Article Three: CRCs and the R&D tax incentive

Article by Ms Anne-Marie Perret, Advisor to high growth companies, Board Member & Investor

EARLY STAGE INVESTMENT TAX CREDITS & RELEVANCE TO CRCS

This article is the third of three on the factors and changes in the innovation system post the National Innovation and Science Agenda, particularly in relation to tax issues, and the impact on CRCs.  The first article focused on how to leverage the R&D tax incentive to encourage collaboration with industry.  The second article focused on the R&D tax incentive implications for CRCs spinning out IP into a corporate entity. This article focuses on the Early Stage Investor Tax Credit (ESITC), its requirements and how they may apply to encourage potential investment in early stage companies including those spun out of a CRC

Early stage investment in innovative high growth companies is by its very nature a highly risky asset class.  In order to encourage investors to take the risk of investing in early stage innovative, high growth companies, the Government has made changes to the tax system, announced in the NISA statement, to include an Early Stage Investor Tax Credit that it hopes will incentivise investment in Early Stage Innovation Companies (ESIC). By understanding the requirements of the ESTIC, CRCs may be able to leverage the incentive as a way of encouraging potential investors to invest in entities the CRC spins out it IP into.

The ESITC is available when an investor purchases new shares in a company that meets the requirements of an Early Stage Innovation Company immediately after the shares are issued.  The ESITC provides eligible investors, who satisfy the “sophisticated investor’ test, who purchase new shares in an ESIC with a:

  1. Non-refundable carry forward tax offset equal to 20% of the amount paid for the qualifying investment, capped at a maximum tax offset of $200,000 for the investor and their affiliates combined in each income year.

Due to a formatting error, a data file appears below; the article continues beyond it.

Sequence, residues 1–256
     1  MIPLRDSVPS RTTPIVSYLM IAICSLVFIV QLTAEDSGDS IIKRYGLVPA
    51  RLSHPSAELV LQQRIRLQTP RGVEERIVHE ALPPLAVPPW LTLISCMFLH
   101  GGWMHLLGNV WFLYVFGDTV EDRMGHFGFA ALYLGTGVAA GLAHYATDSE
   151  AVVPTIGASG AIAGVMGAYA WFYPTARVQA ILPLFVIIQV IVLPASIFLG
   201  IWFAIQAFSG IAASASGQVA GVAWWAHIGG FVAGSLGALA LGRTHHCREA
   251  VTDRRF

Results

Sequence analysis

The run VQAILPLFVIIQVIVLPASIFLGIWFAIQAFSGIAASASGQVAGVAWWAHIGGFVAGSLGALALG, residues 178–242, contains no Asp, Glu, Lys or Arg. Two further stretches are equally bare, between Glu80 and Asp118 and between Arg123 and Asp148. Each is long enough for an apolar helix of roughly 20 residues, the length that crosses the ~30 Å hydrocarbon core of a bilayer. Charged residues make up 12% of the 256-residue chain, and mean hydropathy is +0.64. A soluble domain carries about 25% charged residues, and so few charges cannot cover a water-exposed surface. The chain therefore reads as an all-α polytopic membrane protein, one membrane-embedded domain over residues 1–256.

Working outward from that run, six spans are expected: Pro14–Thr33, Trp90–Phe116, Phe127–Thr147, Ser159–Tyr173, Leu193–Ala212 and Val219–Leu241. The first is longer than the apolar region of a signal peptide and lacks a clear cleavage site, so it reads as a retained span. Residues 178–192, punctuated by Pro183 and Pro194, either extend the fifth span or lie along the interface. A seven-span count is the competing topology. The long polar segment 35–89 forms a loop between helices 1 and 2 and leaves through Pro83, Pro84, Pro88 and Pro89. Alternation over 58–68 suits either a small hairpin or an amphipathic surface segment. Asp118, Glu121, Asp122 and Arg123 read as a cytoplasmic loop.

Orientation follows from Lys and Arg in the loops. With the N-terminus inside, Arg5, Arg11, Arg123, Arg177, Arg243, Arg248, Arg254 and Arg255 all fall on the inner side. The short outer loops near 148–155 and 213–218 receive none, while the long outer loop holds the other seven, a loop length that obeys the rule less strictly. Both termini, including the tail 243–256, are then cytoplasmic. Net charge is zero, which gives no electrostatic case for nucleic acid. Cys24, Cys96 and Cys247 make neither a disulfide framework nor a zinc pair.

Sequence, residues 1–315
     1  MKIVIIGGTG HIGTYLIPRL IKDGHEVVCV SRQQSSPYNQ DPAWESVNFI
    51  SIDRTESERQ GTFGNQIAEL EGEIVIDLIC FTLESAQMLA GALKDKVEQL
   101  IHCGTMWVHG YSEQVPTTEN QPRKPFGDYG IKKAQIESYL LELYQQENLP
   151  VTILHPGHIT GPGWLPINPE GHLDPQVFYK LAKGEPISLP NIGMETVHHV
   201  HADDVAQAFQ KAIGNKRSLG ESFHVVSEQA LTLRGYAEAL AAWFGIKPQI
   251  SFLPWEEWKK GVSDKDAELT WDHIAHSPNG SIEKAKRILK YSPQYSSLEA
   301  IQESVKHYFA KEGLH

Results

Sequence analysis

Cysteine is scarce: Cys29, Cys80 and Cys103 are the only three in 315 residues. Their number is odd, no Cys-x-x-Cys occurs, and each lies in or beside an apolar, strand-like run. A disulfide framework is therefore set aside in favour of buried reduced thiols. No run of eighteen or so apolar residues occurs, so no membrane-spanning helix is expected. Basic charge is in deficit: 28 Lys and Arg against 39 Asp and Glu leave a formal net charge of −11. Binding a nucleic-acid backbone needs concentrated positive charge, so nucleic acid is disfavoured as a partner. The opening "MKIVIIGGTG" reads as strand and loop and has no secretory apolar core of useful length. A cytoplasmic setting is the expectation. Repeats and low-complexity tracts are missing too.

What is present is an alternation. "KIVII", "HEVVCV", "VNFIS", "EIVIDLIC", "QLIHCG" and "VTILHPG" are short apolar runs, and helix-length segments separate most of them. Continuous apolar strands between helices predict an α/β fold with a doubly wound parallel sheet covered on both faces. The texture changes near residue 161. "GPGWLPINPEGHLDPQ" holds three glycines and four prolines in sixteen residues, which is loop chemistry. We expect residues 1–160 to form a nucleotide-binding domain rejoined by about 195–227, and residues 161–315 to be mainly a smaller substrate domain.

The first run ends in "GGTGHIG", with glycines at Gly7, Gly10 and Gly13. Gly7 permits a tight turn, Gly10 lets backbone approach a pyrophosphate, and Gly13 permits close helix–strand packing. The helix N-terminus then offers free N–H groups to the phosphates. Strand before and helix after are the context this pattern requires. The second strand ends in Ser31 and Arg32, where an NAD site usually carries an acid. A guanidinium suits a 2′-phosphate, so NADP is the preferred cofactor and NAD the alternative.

2. Modified capital gains tax (CGT) treatment under which capital gains on qualifying shares that are continuously held for at least 12 month and less than 10 years may be disregarded. Note that Capital losses on shares held less than 10 years must be disregarded.

An investor that does not meet the ‘sophisticated investor’ test will only be eligible where their total investment in qualifying ESICs in an income year is $50,000 or less.

Qualifications

Like all tax incentives qualifications exist that must be considered to determine if the investment and/or the investor is eligible for the ESITC.  The CRC should not be giving tax advice to potential investors but should understand the qualifications and what the CRC must do, within its control, to facilitate an eligible investment.  The following qualifications should be considered when the CRC is framing the capital raise for the newly formed entity, if the CRC wants to ensure that the tax credit is available to eligible investors:

  • The shares purchased must be newly issued shares and must be an equity interest in the ESIC
  • The purchaser and the ESIC must not be affiliates of each other at the time the shares are issued.[1]
  • The purchaser must not hold more than 30% of the equity interests in the ESIC (including connected entities) immediately upon the issue of the new shares.
  • The share must not be acquired under an employee share scheme.

Note that the ESITC is available to both Australian resident and non-resident investors.

Early Stage Innovation Company